Research fields of UEDA Lab.

Programming Languages for Verified Software

university website  selected publications

Our research goal is to develop a framework for computation and programming that adequately addresses 21st-century computing platforms. While computing platforms currently available offer various forms of non-sequential processing capabilities and opportunities for interesting novel applications, software technologies for programming those platforms (for all stages including modeling, coding, testing and verification) are not keeping pace.

With this in mind, we are currently conducting the following three projects:

  • Project LMNtal: Unifying language and system based on (hyper)graph rewriting,
  • Project HPV: High-Performance Verification,
  • Project HydLa: Language and system for cyber-physical systems.
These projects have continually been supported by Grant-In-Aid for Scientific Research, JSPS (Japan Society for the Promotion of Science).

Project LMNtal: Modeling and programming language based on graph rewriting, with applications to AI and computer-aided verification

LMNtal website

Our first step toward the goal of "Programming Language for Verified Software" is LMNtal (pronounced "elemental"), a unifying model and programming language based on hierarchical graph rewriting. Hierarchical graphs are a data structure that integrates two major mechanisms for structuring information, connectivity and hierarchy, and provide a powerful means of data and knowledge representation.

LMNtal was designed as a substrate model of concurrency and its embodiment as a concrete programming language. While maintaining this conception, the language and its implementation have now evolved into a framework for state-space search and model checking of non-deterministic systems and acquired many useful new applications.

Our publicly available LMNtal system and its IDE (integrated development environment) called LaViT offers a number of unique features: no discrepancy between programming and modeling languages; powerful data structures including hypergraphs and nested multisets; state and state-space visualization; scalable parallel model checking, and so forth. The system is useful not only for bug identification, but for achieving an understanding of non-deterministic concurrent systems. We believe that constructing verified software systems is not our ultimate goal; our real goal is to costruct them in a clear, understandable manner, and addressing this ultimate goal is exactly why we actively conduct the LMNtal project.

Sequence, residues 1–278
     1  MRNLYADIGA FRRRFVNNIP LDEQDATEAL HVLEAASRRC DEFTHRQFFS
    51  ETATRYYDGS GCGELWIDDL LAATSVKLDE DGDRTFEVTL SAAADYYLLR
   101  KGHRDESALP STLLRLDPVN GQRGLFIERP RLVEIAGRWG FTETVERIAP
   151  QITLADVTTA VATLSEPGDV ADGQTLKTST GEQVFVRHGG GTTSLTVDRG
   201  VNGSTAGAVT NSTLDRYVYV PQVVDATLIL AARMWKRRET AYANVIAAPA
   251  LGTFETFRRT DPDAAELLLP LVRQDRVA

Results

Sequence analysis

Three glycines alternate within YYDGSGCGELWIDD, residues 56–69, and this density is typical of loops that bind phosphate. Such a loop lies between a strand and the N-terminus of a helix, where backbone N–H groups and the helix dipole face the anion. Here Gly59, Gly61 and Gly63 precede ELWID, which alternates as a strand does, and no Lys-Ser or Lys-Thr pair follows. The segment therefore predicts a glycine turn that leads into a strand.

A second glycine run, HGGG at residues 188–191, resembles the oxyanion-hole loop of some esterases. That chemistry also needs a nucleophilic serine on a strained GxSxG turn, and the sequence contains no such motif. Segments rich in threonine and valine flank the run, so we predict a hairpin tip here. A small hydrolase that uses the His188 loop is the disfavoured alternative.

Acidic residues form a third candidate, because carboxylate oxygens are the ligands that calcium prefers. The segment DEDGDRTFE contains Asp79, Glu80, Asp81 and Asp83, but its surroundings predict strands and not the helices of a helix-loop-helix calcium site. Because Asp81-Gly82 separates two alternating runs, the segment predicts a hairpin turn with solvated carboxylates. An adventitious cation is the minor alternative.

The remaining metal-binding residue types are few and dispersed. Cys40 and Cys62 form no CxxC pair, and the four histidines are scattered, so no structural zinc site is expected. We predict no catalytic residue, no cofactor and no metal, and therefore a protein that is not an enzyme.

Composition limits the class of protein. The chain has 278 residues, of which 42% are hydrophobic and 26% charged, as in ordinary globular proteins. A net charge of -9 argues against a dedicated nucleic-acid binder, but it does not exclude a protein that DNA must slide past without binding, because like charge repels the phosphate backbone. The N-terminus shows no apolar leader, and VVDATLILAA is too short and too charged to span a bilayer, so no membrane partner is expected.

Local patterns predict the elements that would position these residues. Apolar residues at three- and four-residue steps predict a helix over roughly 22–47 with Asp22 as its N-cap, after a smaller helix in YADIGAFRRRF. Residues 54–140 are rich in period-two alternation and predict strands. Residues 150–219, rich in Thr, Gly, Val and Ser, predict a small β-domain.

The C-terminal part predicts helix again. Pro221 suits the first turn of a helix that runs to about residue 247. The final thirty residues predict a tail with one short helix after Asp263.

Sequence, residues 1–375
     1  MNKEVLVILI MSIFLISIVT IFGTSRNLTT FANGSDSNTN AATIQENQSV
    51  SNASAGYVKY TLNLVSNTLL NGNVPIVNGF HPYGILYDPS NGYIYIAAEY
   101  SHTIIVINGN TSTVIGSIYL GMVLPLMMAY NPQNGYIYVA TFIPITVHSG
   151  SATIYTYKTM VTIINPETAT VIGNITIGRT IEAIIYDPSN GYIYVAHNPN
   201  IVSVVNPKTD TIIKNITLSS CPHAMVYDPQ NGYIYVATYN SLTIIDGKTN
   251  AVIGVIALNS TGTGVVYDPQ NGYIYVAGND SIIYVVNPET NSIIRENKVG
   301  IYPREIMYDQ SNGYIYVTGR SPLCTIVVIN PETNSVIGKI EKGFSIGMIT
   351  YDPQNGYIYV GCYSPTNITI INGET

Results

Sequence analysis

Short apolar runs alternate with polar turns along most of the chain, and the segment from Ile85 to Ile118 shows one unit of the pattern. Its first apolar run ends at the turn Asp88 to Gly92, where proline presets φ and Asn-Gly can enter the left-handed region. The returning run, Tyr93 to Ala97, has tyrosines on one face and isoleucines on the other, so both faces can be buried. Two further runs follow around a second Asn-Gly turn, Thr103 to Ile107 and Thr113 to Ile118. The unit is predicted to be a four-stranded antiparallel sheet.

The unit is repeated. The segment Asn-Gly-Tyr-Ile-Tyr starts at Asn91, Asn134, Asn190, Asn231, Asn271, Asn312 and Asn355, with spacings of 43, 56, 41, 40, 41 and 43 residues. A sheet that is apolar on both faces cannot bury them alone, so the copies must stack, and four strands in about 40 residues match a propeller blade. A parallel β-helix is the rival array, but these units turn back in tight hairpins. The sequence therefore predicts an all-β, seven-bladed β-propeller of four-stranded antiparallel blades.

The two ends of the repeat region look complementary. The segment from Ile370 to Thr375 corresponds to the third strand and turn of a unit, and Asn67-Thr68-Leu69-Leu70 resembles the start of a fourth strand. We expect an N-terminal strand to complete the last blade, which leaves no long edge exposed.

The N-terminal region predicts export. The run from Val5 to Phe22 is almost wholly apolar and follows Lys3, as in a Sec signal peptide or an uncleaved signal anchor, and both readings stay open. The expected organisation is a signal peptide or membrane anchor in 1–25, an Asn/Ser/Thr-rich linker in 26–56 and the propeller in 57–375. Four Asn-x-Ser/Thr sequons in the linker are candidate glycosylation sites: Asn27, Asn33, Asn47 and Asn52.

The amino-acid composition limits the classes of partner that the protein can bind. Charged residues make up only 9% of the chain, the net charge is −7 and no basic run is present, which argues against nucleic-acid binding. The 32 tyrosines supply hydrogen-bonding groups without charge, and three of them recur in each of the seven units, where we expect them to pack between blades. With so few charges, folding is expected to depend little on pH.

Project HPV: High-performance verification

The second research topic is high-performance verification, which refers to high-performance parallel computing applied to computer-aided verification. We believe that the power of parallel computing available today is well worth devoting to enhancing the reliability of software as a social infrastructure.

We have been developing technologies for parallelizing SAT (propositional satisfiability) solvers and model checking, both highly irregular compared to other parallel applications.

Our parallel model checker for the modeling language LMNtal now allow you to verify systems with up to two billion (~ 2^31) states, exploiting the power of recent standard SMP (symmetric multiprocessing) platforms with tens of cores and hundreds of gigabytes of memory. The use of graph rewriting as a modeling language poses many challenges including graph isomorphism checking in state-space construction, but a combination of several techniques makes graph-based model checking very practical.

Project HydLa: Constraint programming for hybrid systems

HydLa website

The third topic is the development of constraint-based technologies for modeling and verifying hybrid systems, namely systems involving both continuous and discrete changes. Many physical and biological systems are naturally modeled as hybrid systems, but the study of modeling from the perspective of high-level programming languages has been left unexplored.

Our approach to hybrid systems builds upon the Constraint Programming paradigm, a paradigm of computing with partial information developed at the intersection of declarative programming and artificial intelligence. We seek to establish a foundational, constraint-based framework for modeling and reasoning about hybrid systems.

The first embodiment of the above challenge is a modeling language HydLa and its implementation HyLaGI, both coming with several unique features. The key feature of HydLa is that its ingredients consist of popular mathematical and logical notions such as (in)equations, derivatives, logical implications and temporal operators. Constraint hierarchy allows you to describe both default and exceptional behaviors of a system in a concise manner.

HyLaGI is an implementation of HydLa that allows symbolic execution (simulation) of systems described in HydLa. This has several consequences: Firstly, HyLaGI is able to handle parameterized hybrid systems and systems with uncertainties. Secondly, it nondeterministically explores qualitatively different trajectories that are free from numerical errors. Thirdly, symbolic parameters serve as a useful tool for describing and reasoning about systems with subtle, intricate behaviors.

We are actively exploring the viability of HydLa and HyLaGI towards a novel tool for cyber-physical systems.

Last update: April 24, 2015